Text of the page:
Radon is a naturally occurring radioactive gas that may cause cancer, and may be found in drinking water and indoor air. Some people who are exposed to radon in drinking water may have increased risk of getting cancer over the course of their lifetime, especially lung cancer. Radon in soil under homes is the biggest source of radon in indoor air, and presents a greater risk of lung cancer than radon in drinking water.

Radon’s Physical Properties

Radon, in this text, refers to the specific isotope radon-222. Radon is a naturally occurring gas formed from the radioactive decay of uranium-238. Low concentrations of uranium and its other decay products, specifically radium-226, occur widely in the earth’s crust, and thus radon is continually being generated, even in soils in which there is no man-made radioactive contamination.

Radon is colorless, odorless, tasteless, chemically inert, and radioactive. A portion of the radon released through radioactive decay moves through air or water-filled pores in the soil to the soil surface and enters the air, while some remains below the surface and dissolves in ground water (water that collects and flows under the ground’s surface). Because radon is a gas, when water that contains radon is exposed to the air, the radon will tend to be released into the air. Therefore, radon is usually present in only low amounts in rivers and lakes. If ground water is supplied to a house, radon in the water will tend to be released into the air of the house via various water uses. Thus presence of radon in drinking water supplies leads to exposure via both oral route (ingesting water containing radon) and inhalation route (breathing air containing both radon and radon decay products released from water used in the house such as for cooking and washing).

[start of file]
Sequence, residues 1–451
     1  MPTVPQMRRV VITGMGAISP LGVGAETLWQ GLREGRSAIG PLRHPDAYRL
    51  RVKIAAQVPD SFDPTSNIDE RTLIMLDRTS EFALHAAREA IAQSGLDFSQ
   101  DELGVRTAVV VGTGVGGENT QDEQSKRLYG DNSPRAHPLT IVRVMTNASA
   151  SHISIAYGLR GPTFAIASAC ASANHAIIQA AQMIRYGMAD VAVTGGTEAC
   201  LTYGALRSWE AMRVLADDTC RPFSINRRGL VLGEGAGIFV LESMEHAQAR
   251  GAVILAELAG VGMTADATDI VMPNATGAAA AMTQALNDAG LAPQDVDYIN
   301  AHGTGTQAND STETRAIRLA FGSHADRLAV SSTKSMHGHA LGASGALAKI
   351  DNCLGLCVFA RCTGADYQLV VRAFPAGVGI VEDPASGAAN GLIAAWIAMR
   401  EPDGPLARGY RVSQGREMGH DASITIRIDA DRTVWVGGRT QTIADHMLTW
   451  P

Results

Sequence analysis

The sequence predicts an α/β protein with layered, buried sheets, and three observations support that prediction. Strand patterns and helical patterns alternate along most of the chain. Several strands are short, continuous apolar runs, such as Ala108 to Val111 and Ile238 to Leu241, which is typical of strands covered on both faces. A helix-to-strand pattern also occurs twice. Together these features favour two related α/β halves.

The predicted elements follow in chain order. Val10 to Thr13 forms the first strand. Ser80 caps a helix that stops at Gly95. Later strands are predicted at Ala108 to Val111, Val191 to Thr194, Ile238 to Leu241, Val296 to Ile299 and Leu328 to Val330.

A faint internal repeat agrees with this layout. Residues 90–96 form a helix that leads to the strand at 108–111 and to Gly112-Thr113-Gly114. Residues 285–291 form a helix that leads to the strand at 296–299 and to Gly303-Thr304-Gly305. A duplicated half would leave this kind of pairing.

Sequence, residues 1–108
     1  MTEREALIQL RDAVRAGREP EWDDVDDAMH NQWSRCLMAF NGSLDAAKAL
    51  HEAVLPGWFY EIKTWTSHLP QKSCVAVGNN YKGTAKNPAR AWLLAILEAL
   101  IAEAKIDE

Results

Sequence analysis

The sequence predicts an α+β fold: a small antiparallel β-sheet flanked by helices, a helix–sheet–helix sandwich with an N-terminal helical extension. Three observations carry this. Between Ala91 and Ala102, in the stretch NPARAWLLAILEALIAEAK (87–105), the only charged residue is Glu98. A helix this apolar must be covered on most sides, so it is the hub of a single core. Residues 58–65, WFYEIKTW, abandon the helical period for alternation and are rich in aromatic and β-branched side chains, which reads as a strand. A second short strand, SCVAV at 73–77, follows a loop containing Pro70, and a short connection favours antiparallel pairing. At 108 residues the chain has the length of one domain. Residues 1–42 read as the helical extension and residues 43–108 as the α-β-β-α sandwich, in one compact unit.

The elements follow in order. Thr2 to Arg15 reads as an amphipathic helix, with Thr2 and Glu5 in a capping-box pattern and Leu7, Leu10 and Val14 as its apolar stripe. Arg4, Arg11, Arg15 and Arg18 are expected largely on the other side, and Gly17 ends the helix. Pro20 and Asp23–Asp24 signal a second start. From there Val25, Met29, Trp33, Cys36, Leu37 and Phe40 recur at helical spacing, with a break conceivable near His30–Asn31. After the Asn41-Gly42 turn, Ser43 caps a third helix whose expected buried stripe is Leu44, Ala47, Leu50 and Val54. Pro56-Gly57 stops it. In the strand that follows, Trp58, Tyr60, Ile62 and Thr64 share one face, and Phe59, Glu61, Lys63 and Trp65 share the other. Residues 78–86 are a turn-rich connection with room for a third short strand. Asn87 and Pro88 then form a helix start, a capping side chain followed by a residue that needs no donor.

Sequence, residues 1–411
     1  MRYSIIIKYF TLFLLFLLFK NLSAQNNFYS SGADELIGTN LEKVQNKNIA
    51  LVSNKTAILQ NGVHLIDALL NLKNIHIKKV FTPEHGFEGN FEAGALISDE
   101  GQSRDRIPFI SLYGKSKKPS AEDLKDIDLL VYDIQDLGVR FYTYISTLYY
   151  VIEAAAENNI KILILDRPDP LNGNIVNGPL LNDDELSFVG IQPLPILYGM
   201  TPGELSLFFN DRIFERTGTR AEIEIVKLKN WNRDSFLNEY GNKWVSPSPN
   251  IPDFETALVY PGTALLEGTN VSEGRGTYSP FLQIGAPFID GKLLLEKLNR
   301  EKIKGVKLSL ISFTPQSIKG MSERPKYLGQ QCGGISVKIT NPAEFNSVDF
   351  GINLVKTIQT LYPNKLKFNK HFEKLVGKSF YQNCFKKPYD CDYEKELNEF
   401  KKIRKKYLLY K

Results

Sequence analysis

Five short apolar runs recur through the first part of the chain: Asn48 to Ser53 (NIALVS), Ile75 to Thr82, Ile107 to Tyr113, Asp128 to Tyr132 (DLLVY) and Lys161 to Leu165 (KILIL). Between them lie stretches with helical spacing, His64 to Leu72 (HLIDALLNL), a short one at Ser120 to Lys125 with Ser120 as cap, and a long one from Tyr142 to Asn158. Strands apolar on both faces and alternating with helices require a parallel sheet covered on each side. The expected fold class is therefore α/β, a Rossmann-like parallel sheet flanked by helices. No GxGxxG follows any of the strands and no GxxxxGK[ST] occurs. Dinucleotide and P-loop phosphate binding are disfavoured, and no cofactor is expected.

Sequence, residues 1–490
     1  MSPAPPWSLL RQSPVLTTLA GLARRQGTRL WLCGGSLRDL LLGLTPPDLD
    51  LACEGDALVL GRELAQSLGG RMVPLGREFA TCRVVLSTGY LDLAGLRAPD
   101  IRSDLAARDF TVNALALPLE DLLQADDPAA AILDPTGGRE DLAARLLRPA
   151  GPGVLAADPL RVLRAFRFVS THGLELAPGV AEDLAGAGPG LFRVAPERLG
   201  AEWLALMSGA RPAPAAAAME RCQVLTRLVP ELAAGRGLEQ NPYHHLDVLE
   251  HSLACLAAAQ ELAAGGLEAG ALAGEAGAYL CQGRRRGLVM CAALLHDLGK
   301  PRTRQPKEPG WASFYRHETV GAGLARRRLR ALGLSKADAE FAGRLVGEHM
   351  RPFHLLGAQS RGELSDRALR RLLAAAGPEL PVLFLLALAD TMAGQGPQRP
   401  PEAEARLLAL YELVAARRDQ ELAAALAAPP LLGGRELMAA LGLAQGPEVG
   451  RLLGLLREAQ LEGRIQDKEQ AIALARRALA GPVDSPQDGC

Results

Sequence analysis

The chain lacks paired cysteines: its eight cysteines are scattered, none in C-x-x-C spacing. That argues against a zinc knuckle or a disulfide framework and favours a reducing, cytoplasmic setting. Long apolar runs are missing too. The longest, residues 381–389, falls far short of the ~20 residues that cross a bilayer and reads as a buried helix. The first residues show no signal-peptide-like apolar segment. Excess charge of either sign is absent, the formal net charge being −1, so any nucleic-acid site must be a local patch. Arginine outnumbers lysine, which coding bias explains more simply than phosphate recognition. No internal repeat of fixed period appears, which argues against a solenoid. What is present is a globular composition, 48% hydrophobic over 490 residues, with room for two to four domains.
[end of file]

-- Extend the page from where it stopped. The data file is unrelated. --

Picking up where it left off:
Radon itself also decays, emitting ionizing radiation in the form of alpha particles, and transforms into decay products, or “progeny” radioisotopes. It has a half-life of about four days and decays into short-lived progeny.

Unlike radon, the progeny are not gases, and can easily attach to and be transported by dust and other particles in air. The decay of progeny continues until stable, non-radioactive progeny are formed. At each step in the decay process, radiation is released.